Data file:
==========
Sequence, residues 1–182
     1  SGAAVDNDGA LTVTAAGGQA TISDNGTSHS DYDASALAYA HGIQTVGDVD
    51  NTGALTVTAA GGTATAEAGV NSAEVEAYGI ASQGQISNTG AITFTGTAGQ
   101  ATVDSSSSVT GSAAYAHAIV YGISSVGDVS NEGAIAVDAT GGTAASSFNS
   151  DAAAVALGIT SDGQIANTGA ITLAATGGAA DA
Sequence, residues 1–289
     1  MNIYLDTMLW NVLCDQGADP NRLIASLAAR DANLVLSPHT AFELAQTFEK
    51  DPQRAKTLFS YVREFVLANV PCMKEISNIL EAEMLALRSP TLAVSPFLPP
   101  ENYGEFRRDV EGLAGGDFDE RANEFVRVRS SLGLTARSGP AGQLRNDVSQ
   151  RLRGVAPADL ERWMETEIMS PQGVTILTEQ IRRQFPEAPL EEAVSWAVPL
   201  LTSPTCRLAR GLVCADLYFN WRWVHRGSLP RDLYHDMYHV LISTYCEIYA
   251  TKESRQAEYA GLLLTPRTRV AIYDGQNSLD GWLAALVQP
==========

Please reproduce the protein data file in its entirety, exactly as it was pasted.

Sequence, residues 1–182
     1  SGAAVDNDGA LTVTAAGGQA TISDNGTSHS DYDASALAYA HGIQTVGDVD
    51  NTGALTVTAA GGTATAEAGV NSAEVEAYGI ASQGQISNTG AITFTGTAGQ
   101  ATVDSSSSVT GSAAYAHAIV YGISSVGDVS NEGAIAVDAT GGTAASSFNS
   151  DAAAVALGIT SDGQIANTGA ITLAATGGAA DA
Sequence, residues 1–289
     1  MNIYLDTMLW NVLCDQGADP NRLIASLAAR DANLVLSPHT AFELAQTFEK
    51  DPQRAKTLFS YVREFVLANV PCMKEISNIL EAEMLALRSP TLAVSPFLPP
   101  ENYGEFRRDV EGLAGGDFDE RANEFVRVRS SLGLTARSGP AGQLRNDVSQ
   151  RLRGVAPADL ERWMETEIMS PQGVTILTEQ IRRQFPEAPL EEAVSWAVPL
   201  LTSPTCRLAR GLVCADLYFN WRWVHRGSLP RDLYHDMYHV LISTYCEIYA
   251  TKESRQAEYA GLLLTPRTRV AIYDGQNSLD GWLAALVQP